Now that you have arrived at your destination, after a gruelling academic journey, and have reached the sought-after place called the college, time to relax and have some fun, isn’t it? You’re free of the scholastic rut of the school where you were forced to study the subjects you disliked. You’re now in a much more diverse space and seek to craft your own identity. You get to pick your own course, make new friends and explore new possibilities.
But then, a month into college and you’re filled with self-doubt all over again. Before stepping onto Grade XI or PU, you mulled over your options and finally selected a stream that you hoped to pursue in college. Some of you may have been forced into selecting Science or Commerce by your family members, while others may have opted for a stream only to discover that these subjects didn’t really captivate you.
When in doubt
If you are a first-year student and are happy with your college and the chosen stream, then all is well, at least for the imminent future. But what if you are enrolled in college and are still overcome with doubt or a niggling discomfort? Did I make the right choice? Am I really enjoying what I am studying? Do I have an aptitude for Law or should I have done Economics instead? Aren’t my friends who haven’t opted to go to a hostel happier at home? Should I take a year off and reapply to my dream course?
And, what’s worse is your fears intensify when you see Instagram posts by peers who seem to have it all set in a perfect manner. Posts with captions like ‘simply loving college’ or ‘best course ever’, accompanied by pictures of happy faces, fill you with a vague unease. Why aren’t you feeling so assured and secure?
Now is the time to remember, it’s been only a month into college, so don’t get unduly stressed if these concerns run through your mind every now and then. While I must confess that I am not a big fan of new-age acronyms like FOBO (fear of better options), it certainly does capture the anxieties of students while making one of the most crucial decisions of their lives. In today’s hyperconnected world, FOBO plagues the most mundane of decisions. Is the deal on Amazon better than the one on Flipkart? What if the online bags don’t feel right when they arrive?
Yes, we are spoilt for choice. And, that puts pressure on us to make the best decision. After all, the courses we choose in college have far-reaching consequences that may impact the rest of our lives. So, shouldn’t you be absolutely sure that you made the best decision?
In an interview with The New York Times by Tim Herrera, Patrick McGinnis, who coined the twin terms of FOMO(fear of missing out) and FOBO, says students are often “paralysed at the prospect of actually committing to something,” because they are always scouting for the “absolutely perfect option.” This can lead to chronic indecisiveness as nobody can be absolutely certain about practically anything, let alone something as complex as your career.
That said, you can always ask yourself if you absolutely detest your course. While a month is too early to reach a conclusion, you may ask yourself the same question at the end of the first semester. If you feel that you don’t want to attend college, or if your courses are filling you with dread, or if you simply cannot see yourself pursuing your chosen field for another three or four years, then it might be advisable to explore other tracks. But don’t take this decision on a whim. Write down the positives and negatives of your course or college at the end of a semester and then take a decision that is based on reason and reflection.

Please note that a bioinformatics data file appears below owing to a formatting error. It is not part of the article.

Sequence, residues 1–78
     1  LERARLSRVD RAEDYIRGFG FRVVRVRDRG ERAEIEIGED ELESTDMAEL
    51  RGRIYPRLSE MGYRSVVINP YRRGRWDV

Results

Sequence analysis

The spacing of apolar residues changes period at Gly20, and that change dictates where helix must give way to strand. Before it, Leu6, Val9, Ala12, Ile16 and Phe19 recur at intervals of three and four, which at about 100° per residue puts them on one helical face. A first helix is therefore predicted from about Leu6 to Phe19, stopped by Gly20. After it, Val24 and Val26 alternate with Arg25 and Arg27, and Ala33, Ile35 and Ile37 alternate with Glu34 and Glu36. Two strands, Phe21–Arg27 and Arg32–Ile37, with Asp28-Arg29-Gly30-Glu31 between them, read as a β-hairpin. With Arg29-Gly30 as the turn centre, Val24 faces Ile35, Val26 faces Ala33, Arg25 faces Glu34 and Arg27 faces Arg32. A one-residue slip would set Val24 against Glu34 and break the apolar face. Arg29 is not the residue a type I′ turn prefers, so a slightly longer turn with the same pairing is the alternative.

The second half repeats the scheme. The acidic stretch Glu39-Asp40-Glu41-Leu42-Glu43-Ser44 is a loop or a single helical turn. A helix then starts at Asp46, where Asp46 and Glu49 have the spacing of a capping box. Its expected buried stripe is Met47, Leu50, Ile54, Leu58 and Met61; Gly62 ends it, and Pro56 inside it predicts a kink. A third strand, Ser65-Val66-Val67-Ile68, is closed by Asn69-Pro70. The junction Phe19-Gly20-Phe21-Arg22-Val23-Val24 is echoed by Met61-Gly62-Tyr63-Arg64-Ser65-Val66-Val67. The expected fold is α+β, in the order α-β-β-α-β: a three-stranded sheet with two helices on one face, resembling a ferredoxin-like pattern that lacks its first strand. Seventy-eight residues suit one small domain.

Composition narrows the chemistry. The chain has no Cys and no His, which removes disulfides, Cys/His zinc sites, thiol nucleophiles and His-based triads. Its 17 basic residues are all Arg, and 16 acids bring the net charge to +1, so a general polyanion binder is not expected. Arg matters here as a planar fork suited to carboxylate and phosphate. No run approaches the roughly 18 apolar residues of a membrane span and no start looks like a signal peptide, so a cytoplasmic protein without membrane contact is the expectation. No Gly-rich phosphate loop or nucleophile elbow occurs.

Often, when we make decisions in life, we don’t have to necessarily find the ‘best’ possible option. Picking what McGinnis calls the ‘mostly fine decision’ is usually okay for most life choices, including your field of study. While your chosen stream in college does indeed impact your career, you may take note that many people switch tracks later in life. So, no road is really closed as long as you have a flexible and an open mind.
Explore diverse groups
Many first-year students may also find that they are fine with their course but are not really happy in college as they haven’t found a peer group that resonates with them. Remember that it takes time to get to know and make friends. If you are not comfortable with the set of people you have met in the first month, don’t lose heart. Colleges are usually pulsing with students with varied interests. Invest time and effort in meeting as many new people as possible. Also, avoid being overly judgemental about people based on first impressions.
Finally, you have to understand that moving from school to college involves multiple changes. Writer William Bridges reminds us in his book Transitions that while changes are situational, transitions necessitate psychological shifts. When we are at “turning points” in our lives, we must undergo a “natural process of disorientation and reorientation.” While our lives can change externally almost instantaneously, our internal adjustment is bound to take time. So, be patient, pause and ponder the pros and cons of your choices, knowing that “good enough” is often more prudent than pursuing perfection.
(The author is director, PRAYATNA, Bengaluru)